Our four key international cigarette brands in the EU region are performing well. Marlboro gained share in 2012 to reach 18.3%, driven by progress in Belgium, Greece, Italy and Poland. We also have a strong position in the lower price segments with L&M, Chesterfield, and the Philip Morris brand. L&M, which is the second best selling cigarette brand in the region gained share notably in Germany and Poland, though on a regional basis its share was unchanged as it declined in Southern European markets. These markets generally returned stronger results for Chesterfield, whose regional share was up by 0.4 points to 3.7%.
Our business in the EU remains resilient. The key issue we face is the macroeconomic environment, and in particular the continued rise in unemployment in all the largest economies except for Germany. This was the key driver behind the cigarette industry volume decline of 6.3% across the region in 2012. There is a clear correlation between unemployment and cigarette industry volume trends with the sharpest cigarette volume declines occurring where unemployment worsened the most.
Given the continued rise in unemployment at the start of this year, we do not expect any meaningful improvement in cigarette industry volume trends. Our current expectations for the full-year 2013 is that the rate of decline in the EU region will broadly be in line with that prevalent in 2012, provided that the decline in disposable income starts to moderate and that there is no substantial surge in illicit trade.
Let me focus on two of our key markets in the EU region starting with Italy. While cigarette industry volume declined by 7.9% last year to 78.7 billion units, the estimated total tobacco consumption decreased by just 1%, once the global fine cut and illicit trade is taken into account. Our business fundamentals in Italy are strong. Marlboro grew share in this difficult economic environment with an increase of 0.6 points to 23.1% on an annual basis, and an even more impressive 1.3 share points to 23.5% during the fourth quarter of last year.
We successfully launched Philip Morris Selection in the growing international low-price segment. In the fourth quarter of 2012, it registered a market share of 0.8%. Finally, we have gained leadership in the fine cut category with the 27.9% share in 2012, behind the successful growth of Chesterfield fine cut.
In Germany, cigarette industry volume declined by 1.2% and fine cut industry volume grew by 2.2% in 2012. While these volumes were flattered by an increase in competitors’ trade inventories in December and the reduction in illicit trade in the first half of the year, we estimate that the underlying trend in cigarettes remains a relatively moderate decline of around 2%. Our business is in good shape in Germany. The new Be Marlboro campaign is resonating with adult smokers and our disciplined investment in support of the brand have started to yield results as underscored by the brand’s share performance.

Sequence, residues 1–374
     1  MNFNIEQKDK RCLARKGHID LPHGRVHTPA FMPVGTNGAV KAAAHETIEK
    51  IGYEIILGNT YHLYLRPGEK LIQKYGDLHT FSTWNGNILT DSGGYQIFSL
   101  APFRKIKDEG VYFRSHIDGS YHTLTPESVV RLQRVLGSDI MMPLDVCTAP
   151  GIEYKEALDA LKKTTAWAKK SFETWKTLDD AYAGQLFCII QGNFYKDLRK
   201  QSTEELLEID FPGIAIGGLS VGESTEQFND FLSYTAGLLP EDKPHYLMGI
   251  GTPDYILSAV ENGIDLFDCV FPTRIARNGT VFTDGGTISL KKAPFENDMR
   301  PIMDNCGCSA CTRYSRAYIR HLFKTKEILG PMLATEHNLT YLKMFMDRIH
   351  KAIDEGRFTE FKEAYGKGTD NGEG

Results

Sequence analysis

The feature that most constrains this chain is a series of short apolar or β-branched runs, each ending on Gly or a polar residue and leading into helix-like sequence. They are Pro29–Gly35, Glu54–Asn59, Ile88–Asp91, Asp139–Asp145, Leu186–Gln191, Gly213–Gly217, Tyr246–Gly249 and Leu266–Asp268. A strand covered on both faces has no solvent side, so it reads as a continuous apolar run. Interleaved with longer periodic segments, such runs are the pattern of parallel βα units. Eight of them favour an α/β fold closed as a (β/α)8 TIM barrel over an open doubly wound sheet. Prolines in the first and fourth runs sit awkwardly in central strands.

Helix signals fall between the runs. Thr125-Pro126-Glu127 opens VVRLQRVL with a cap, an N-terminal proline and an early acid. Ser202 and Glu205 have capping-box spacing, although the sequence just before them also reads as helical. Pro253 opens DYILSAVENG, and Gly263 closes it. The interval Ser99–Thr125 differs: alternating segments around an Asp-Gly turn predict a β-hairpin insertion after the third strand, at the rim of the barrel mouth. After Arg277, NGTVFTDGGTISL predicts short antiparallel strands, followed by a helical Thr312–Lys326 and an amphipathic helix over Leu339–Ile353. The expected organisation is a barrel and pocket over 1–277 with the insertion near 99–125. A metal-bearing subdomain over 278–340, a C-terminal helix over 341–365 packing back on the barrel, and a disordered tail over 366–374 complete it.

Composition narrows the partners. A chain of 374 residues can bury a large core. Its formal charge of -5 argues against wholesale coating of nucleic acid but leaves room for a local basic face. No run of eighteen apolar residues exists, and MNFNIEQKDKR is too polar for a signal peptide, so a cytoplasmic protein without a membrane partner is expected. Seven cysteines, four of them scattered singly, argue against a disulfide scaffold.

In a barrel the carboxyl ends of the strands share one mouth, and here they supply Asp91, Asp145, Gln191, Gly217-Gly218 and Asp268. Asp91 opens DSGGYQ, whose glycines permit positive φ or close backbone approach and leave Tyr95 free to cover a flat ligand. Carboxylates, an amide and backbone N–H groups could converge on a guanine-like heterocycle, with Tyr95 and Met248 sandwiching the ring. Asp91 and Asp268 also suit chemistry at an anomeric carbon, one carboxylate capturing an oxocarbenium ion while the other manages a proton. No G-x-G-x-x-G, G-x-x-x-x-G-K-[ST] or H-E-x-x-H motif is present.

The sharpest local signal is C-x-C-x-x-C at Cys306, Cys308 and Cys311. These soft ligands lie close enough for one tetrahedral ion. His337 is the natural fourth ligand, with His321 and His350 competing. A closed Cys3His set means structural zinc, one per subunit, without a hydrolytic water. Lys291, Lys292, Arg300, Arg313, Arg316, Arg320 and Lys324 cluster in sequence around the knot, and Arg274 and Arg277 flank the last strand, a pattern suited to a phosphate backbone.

L&M continued to gain share in 2012 and remains the leading brand among legal age to 24 year old smokers, with a 20% smoker share nearly doubled its current overall market share. Last year, we achieved strong volume growth of 4.7% in the EEMA region to reach a volume of 304 billion units. Though, it should be noted that this growth was somewhat flattered by an increase in trade inventories in the fourth quarter. Russia and Turkey accounted for 47% of our cigarette volume in the region and the Middle East and North Africa for a further 20%.
Let me review on our progress and the potential that these markets offer going forward. Following significant excise tax and price increases in the recent past, cigarette industry volume in Russia decreased by 1.3% last year and a further moderate decline is expected this year. We increased our volume by 3.8% last year and our market share by 0.5 point to 26.3% as we continued to invest behind our broad brand portfolio, our field-force and our infrastructure.
The growth was driven by Parliament, L&M, Bond Street and Next. In November last year, the Duma confirmed its planned excise tax rates for 2013 and extended the law through 2015. We consequently registered retail price increases of six to seven rubles per pack in December. Though the new prices have only been in the market since February. The price increases ranged from 9% on the above-premium Parliament to 22% on the super-low Optima.
Cigarette industry volume in Turkey grew by 8.8% last year to reach a level of 99 billion units. We estimate that about one-third of the increase in volume was attributable to higher year-end trade inventories. In addition, the growth reflects the decline in illicit trade from 20% in 2011 to 13% in 2012. We again outperformed the industry increasing our market share by 0.9 points to a record level of 45.7%. At the same time, our product mix improved with gains coming from our premium Parliament and the mid-price Muratti brands.
At the beginning of the year, the government increased excise taxes and introduced a specific element. Subsequently, we increased retail prices by TRL1.00 per pack across our portfolio with an additional TRL0.25 per pack for Parliament. North Africa has been a key focus area for us over the last five years. Total cigarette industry volume in the area is currently estimated at 138 billion units, with potential for further growth driven by demographic trends and future improvements in living standards.